HARRY Potter author JK Rowling made a rare public appearance to speak at a women’s rights conference branded “transphobic” by campaigners.

Rumours had suggested that Rowling was due to appear at the FiLiA conference held in Glasgow over the weekend, and the writer turned up to a panel event on Sunday.

Speaking alongside writers Julie Bindel and Claire Heuchan, who is also a trustee of FiLiA, Rowling told attendees at the conference that she had spoken out on trans rights issues because she did not need to worry about money.

The Telegraph reported that Rowling, who is worth around £875 million according to the Sunday Times Rich List, said: "I will always be able to feed my family.

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“I’ve looked around and realised that it has to be someone who can take the hit. And it has to be me. I can afford it."

The FiLiA event had more than 1400 women from across the world signed up to attend, according to organisers.

Reem Alsalem, the UN special rapporteur on violence against women and girls who made headlines after intervening in the debate around Scottish Government gender reforms, was among those at the conference.

However, the FiLiA event faced controversy as around 70 protesters demonstrated outside the Platform venue in Glasgow on the first day, claiming it was “transphobic”.

Speakers including Bindel have faced such accusations for insisting that a woman is defined by biological sex and not gender identity.

But speaking alongside Bindel, Rowling (below) said: “This has never been about trans rights.”

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She went on: “This is about women’s rights and activists' demands to dismantle those rights.

“I have nothing but profound sympathy for trans women who have experienced male violence.

“I want trans people to be safe. I just don’t want women and girls to be any less safe.”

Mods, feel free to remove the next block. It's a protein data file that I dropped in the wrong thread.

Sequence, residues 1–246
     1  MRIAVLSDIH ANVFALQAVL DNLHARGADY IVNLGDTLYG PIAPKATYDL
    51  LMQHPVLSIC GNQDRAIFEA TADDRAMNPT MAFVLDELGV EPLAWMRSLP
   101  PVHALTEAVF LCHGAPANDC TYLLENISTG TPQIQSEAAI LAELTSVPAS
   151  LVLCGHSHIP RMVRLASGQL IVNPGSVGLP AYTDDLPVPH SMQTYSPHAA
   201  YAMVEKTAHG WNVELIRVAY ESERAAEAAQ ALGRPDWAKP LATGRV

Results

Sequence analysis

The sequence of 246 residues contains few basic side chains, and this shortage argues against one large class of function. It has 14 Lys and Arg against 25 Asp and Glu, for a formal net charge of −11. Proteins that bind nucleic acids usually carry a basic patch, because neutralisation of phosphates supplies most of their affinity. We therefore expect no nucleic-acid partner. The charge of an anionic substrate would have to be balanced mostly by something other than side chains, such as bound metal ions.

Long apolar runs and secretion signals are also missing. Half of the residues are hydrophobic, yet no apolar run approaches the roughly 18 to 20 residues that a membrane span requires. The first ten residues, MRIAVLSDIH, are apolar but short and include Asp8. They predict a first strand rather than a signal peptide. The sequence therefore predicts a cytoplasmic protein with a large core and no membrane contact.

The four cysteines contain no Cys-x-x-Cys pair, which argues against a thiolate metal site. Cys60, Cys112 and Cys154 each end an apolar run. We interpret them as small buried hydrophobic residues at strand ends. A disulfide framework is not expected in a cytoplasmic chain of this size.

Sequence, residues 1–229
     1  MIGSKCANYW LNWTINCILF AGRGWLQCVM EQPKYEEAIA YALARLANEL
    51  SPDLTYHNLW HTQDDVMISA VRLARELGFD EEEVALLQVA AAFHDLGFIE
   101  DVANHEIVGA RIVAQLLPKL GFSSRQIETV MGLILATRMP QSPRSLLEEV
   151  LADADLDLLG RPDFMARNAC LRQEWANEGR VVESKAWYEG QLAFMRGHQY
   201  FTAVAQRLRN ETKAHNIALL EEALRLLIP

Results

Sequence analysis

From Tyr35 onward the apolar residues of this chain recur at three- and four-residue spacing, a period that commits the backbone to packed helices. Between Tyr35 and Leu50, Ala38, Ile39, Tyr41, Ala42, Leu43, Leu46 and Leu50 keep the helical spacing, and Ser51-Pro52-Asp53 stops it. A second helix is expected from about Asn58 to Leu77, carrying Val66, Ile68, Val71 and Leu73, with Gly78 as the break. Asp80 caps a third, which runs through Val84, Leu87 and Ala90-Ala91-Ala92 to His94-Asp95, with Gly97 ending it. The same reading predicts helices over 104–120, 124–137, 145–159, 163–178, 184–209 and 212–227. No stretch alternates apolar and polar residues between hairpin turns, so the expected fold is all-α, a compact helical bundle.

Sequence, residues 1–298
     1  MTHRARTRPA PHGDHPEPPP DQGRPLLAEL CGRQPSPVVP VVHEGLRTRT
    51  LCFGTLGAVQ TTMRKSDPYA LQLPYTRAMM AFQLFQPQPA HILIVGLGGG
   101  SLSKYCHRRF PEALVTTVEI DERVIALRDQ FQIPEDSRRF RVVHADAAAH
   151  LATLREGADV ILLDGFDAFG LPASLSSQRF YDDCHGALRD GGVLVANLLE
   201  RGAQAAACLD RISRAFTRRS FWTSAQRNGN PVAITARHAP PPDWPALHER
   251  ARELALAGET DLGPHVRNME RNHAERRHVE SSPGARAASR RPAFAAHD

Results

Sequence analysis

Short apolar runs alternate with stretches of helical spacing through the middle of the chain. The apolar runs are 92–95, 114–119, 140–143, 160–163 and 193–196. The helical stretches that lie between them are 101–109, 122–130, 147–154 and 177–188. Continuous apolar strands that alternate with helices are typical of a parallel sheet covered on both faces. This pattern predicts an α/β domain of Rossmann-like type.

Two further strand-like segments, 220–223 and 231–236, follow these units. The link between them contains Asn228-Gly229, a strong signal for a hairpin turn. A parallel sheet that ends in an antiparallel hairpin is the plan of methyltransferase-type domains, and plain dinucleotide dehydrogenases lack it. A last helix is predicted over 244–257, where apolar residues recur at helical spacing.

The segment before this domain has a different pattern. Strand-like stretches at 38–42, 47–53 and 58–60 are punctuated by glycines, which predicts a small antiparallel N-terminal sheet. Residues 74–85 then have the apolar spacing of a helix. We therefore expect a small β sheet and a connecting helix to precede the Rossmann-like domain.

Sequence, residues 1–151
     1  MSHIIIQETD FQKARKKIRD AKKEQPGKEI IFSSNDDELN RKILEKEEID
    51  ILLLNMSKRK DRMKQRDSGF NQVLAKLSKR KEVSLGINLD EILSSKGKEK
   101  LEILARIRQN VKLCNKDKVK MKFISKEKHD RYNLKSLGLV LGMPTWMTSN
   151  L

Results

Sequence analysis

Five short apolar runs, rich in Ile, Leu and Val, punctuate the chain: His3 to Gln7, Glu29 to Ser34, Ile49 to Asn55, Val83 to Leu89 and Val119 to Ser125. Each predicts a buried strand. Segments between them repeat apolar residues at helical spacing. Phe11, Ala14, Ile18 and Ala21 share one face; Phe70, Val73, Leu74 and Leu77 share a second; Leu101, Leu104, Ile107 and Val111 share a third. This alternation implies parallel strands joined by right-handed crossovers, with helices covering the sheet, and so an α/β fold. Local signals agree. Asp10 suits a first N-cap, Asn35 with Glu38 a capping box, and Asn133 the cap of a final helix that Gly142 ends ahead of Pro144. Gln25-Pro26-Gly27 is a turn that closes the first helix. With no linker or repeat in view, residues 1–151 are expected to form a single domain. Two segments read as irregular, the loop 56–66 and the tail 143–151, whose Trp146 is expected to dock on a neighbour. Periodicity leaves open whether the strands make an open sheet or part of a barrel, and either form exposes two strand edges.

Reports suggested that Rowling’s appearance had been kept quiet ahead of time in order to avoid large trans rights demonstrations against her.

The Platform venue had looked to cancel the FiLiA event just hours before it was due to start after pressure from trans rights campaigners, organisers claimed. However, it was forced to U-turn after a threat of legal action

Rowling had previously taken aim at the FiLiA protesters on social media, sharing a short clip of activists singing the chorus of Lily Allen’s song “F*** you”.

The trans rights activists outside the FiLiA event on Friday morning had been playing music and singing as part of their demonstration. A brief seven-second clip showed them singing Allen’s lyrics: “F*ck you, f*ck you very, very much.”

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Rowling had written: “Inside the venue: women from 35 different countries discuss their sex-based issues and concerns, including the harassment and intimidation they face from men.

“Outside the venue, this pr*ck.”

In a statement also on social media, the accused activist said the video had been “clipped … to make it look like I’m shouting abuse at women”.

They said the song had been aimed at the “terfs [trans-exclusionary radical feminists], bigots and fascists attending FiLiA”.

After the event, Rowling also wrote on social media to thank the organisers of the FiLiA event.

She wrote: “Thank you to @FiLiA_charity and all your wonderful volunteers, thank you to my fabulous co-speakers, @bindelj and @ClaireShrugged, thank you, Claire, for my bracelet, and thank you to everyone who came to hear us.

“We talked, we laughed and I (bloody) cried.”

On Friday, Bailie Elaine Gallagher, a Glasgow City councillor who was present at the trans rights protest, told The National that she was in “agreement with many of the principles and work of the FiLiA conference”.

However, she went on: “Many of the speakers have historically had very anti-trans positions. FiLiA itself supports a definition of women’s sex-based rights that is transphobic by definition.

“I would like them to drop this insistence that trans rights are in conflict with women's rights and drop their opposition to self-identification because a lot of the kind of topics being discussed in there are very valid, like violence against women."